Dividing Your Property During Divorce
Everyone knows divorce is emotional situation, but it can also wreak havoc on your finances. One of the many decisions the two of you need to make during a divorce is, what to do with your house. Should one of you stay in your primary residence to keep the kids in the same school, or should it be sold so that the profits can be divided according to an agreed-upon formula? There is no one right or wrong answer, but there can be wrong decisions.
The best way to protect yourself and your assets is by making decisions based on logic rather than emotions. So, before finalizing a divorce — particularly a property settlement – I believe it's essential that both parties receive sufficient expert advice to understand what the long-term ramifications of debt and property division REALLY means in the real world.
Of course, the first thing most people want to know is: What is the house worth? What is the fair market value? Negotiating a divorce property settlement depends on a fair, impartial and accurate assessment of the value of the property to be divided. But, who determines how much the real estate is worth? For an accurate evaluation, you’ll need the expertise of a professional real estate appraiser.
Once you have determined the fair market value, you’ll need to subtract the existing mortgages to find out what your current equity is in the property. Along with gathering the numbers, it is helpful to review the names on the mortgage and deed. If one of you keeps the house, will the other still be held accountable for any missed mortgage payments and will your credit score will be affected?
A real estate agent can provide a Comparative Market Analysis which will help you gather information regarding the range of the value for the house. Notably, a real estate professional can advise as to the improvements, fixes and etc. that will help you show the house for the best and highest potential price. The real estate agent can advise as to recent sales in your neighborhood and what you can expect if you are selling the house. You will also need to know how much the house will cost you every month. These costs include, but are not limited to, the monthly mortgage principal and interest, the homeowner’s insurance and real property taxes. In addition, there are costs such as water, sewer, electric, gas/heating that need to be factored into a decision.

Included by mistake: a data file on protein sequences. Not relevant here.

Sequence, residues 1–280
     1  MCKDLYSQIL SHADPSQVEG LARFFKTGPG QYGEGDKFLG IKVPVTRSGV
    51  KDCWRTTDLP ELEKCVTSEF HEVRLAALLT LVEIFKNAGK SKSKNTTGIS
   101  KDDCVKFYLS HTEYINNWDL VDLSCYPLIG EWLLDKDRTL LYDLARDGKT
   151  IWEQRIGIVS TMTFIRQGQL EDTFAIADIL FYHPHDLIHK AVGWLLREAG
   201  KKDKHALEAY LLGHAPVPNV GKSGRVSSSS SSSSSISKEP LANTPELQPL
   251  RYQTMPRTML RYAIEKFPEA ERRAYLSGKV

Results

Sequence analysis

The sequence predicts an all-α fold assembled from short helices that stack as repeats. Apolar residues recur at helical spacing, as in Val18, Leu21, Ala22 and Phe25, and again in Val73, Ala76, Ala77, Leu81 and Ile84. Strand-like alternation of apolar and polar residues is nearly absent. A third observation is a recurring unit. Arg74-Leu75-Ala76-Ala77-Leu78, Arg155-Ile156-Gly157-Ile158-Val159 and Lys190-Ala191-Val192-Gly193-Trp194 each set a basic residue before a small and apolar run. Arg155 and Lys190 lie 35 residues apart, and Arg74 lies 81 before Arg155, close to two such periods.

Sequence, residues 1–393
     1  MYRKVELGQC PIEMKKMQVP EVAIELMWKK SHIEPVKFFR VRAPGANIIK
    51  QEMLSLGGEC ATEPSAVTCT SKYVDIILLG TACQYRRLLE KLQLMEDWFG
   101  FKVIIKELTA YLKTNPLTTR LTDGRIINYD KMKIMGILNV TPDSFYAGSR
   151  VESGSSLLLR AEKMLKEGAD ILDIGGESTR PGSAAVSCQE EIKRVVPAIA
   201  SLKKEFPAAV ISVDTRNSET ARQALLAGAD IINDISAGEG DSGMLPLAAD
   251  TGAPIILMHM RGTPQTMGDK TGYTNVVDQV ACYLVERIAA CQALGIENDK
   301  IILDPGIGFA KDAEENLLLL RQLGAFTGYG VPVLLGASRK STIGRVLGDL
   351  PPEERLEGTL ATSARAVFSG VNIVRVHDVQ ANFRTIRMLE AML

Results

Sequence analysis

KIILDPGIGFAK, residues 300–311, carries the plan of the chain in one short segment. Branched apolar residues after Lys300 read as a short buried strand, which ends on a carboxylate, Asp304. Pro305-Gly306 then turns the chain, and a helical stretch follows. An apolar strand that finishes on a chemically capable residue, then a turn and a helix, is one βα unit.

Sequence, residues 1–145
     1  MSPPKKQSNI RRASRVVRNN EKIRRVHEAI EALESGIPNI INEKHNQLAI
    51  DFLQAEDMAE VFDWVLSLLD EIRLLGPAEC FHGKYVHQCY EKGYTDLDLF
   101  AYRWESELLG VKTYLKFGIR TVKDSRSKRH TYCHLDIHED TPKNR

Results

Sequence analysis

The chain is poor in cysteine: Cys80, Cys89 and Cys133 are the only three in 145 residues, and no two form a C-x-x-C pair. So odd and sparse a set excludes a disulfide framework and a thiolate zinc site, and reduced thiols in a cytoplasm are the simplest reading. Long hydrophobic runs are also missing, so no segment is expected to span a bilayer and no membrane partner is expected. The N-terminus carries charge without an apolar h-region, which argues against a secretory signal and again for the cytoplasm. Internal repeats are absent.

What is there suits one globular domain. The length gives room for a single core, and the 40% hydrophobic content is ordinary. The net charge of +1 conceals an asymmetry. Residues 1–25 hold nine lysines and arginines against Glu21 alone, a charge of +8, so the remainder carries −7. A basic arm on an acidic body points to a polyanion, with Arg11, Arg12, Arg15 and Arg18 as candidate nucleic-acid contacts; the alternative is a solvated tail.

The botton line is, if you have decided to divorce your settlement should be determined based on true, accurate and complete information and as always, the best possible outcome depends on having experts on your team who can anticipate the subtleties of the settlement process.
Fortunately, you do not have to “go it alone” in looking at all of the issues surrounding the keeping, selling or buy-out of your house. At Van Tassel Law, I work with a team of professionals. Not just any professionals, but ones that stick to their areas of expertise, and are familiar with the issues divorcing families face, that can assist you valuing and dividing your property in a way that provides for your family’s future needs.
If you need a trusted divorce lawyer in New Jersey for advice and/or assistance on property and related financial matters as well as for a range of family law matters, my boutique law firm Van Tassel Law specializes in Alternative Dispute Resolution.
I have a wealth of skills, knowledge and experience in family and divorce law and over the past 20 years and have built a reputation for clarity and effectiveness and above all “A Kinder Approach To Life's Legal Issues.” If you have any questions do not hesitate to call me for a free consultation or visit my website at vantassellaw.com